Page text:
Trout Branch—West October 6, 2011Posted by Jenny in bushwhacking, hiking, Smoky Mountains.
Tags: Alum Cave Trail, Mt. LeConte, Trout Branch
Trout Branch is one of the streams that drain the south side of LeConte. It forks at 4360′, and that left fork again splits at 4750′. Our adventure yesterday took us up the westernmost of the forks, the one that leads toward the ridge over to West Point. The eastern fork of the left fork leads toward Cliff Top, and the right fork leads toward the Trout/Styx divide.
My fellow adventurer was Dave Landreth. When we met up at the junction of Trout Branch and Walker Camp Prong, we saw that water levels in the stream were very low.
I apologize for the poor quality of images in shady places. I need to learn how to adjust the settings of my new camera for these kinds of scenes. The photo below is subpar, but I include it because I want you to get an idea—even if just a hint—of how beautiful some of the pools are. This one had a little cascade running down to it.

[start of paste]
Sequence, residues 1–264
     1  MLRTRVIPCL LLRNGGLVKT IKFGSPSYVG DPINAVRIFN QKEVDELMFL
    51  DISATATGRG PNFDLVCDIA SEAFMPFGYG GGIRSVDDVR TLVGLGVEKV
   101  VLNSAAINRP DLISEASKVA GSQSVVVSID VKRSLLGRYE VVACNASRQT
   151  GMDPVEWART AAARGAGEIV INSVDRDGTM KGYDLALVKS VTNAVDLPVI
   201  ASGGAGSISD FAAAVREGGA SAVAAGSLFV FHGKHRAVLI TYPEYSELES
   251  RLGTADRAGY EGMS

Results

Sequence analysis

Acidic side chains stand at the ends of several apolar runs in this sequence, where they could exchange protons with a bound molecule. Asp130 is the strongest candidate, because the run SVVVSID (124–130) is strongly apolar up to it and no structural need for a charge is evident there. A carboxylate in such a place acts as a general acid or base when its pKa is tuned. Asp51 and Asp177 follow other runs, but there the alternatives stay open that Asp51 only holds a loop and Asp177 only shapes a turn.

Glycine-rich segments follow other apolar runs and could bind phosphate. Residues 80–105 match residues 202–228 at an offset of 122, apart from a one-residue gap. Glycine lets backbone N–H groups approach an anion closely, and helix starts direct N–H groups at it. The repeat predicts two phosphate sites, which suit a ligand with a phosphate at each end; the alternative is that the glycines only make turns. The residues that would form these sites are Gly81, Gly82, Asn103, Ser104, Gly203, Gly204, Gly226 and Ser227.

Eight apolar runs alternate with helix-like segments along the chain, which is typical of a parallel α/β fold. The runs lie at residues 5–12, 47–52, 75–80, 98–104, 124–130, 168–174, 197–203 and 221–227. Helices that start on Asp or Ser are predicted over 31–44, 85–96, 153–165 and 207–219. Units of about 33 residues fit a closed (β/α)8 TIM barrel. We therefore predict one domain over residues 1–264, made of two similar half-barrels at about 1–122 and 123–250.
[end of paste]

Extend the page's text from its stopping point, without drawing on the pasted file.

As we got out of the main valley and started climbing more steeply, we encountered a series of sandstone shelves, each one in the range of five to ten feet high, a sort of repeated geological theme. Both sides of the stream channel were generally bounded by dense rhodo, so that you needed to find a way to get up these smooth ledges. I nearly always decline the offer of a hand up, but in one spot Dave hoisted me up a difficult spot and saved me a lot of trouble bypassing the ledge. Some of the ledges sported a fur coat of moss.
These kinds of places are somehow deeply restorative, their value intensified by the difficulty involved in reaching them.
We reached the sunnier spaces of the upper slope.
This route does not feature the slide climbing of the next fork over, but we encountered sections of rock—now changing over to Anakeesta—alternating with forest floor. The streambed still carried some water.
As we approached the ridgecrest, we encountered grassy spots mixed in with rhodo and rock slabs.
We climbed through some blowdown, but it wasn’t severe.
We intersected the ridge a bit east of the saddle between West Point and the Alum Cave trail, and followed the fairly clear manway over to the trail. Then it was up to the Lodge for some basking in the sun. It was an utterly gorgeous fall day, when the sunshine beams down benevolently and the world seems to shine.